Time-related messages stir up warm-n-fuzzies.
Money-related messages appeal to our more practical sides.
When you combine the two in that sloppy “Save Time & Money” message that you think solves for everyone and everything perfectly, you combine oil and vinegar. Hot and cold. English and Swahili.
…Is that mish-mash a good thing?
Whom do you think that will work for?
Is your audience the one and only audience on earth that responds better to confused messages slapped together than to distinct, clear messages that directly reflect their real wants, needs, motivations and values?
Now, back to the Janken analogy: is there a third “high level” value? Is there a missing stone to go with the paper and scissors we’ve identified?
We talk endlessly about time and money savings… but does nothing ever trump time and money as high-level messages?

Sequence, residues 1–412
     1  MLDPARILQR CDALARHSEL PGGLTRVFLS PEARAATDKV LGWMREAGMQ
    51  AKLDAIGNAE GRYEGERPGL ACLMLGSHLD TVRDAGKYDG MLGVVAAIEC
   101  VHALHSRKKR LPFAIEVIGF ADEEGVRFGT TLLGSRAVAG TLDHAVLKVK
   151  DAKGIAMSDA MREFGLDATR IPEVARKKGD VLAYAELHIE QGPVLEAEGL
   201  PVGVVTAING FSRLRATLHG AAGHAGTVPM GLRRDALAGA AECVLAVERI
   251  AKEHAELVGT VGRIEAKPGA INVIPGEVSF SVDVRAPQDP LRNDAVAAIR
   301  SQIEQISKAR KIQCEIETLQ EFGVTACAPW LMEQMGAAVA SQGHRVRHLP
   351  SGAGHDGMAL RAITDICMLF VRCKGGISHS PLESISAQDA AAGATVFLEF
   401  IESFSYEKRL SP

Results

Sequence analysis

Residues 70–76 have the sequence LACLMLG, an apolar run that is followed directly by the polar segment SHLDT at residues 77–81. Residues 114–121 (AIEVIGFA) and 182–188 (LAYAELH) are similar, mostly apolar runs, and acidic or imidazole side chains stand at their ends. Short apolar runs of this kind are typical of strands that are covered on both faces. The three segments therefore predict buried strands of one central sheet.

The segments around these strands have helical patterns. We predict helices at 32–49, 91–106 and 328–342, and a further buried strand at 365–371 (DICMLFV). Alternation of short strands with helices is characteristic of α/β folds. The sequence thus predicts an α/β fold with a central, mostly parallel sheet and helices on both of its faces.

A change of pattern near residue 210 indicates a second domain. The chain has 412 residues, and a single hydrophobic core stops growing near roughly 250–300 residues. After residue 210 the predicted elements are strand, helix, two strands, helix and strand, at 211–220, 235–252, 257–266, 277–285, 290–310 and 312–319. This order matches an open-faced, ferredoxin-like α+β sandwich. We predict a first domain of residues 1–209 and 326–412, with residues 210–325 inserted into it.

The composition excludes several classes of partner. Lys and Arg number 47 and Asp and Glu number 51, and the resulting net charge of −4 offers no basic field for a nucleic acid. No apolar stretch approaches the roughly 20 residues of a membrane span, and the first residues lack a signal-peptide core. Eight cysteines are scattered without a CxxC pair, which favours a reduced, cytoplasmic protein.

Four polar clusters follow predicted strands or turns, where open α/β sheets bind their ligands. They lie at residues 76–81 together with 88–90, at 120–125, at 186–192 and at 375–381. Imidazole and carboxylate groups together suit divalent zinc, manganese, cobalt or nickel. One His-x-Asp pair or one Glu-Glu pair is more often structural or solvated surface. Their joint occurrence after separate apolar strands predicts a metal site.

Let’s consider luxury items.
You would almost never message “save time” or “save money” when talking about luxury cars, designer clothing, one-of-a-kind jewelry or expensive art. What motivates the people that buy luxury items? What message trumps time and money for these sorts of products and markets?
Let’s also consider apps.
How many “Show HN” posts have you seen on Hacker News where a developer creates some cool web or mobile app and shares it with the HN community, along with the website s/he’s selling it on, only to have people respond with:
“I could build that myself!”
“I just built that, and you can all download it free here! No sale for you!”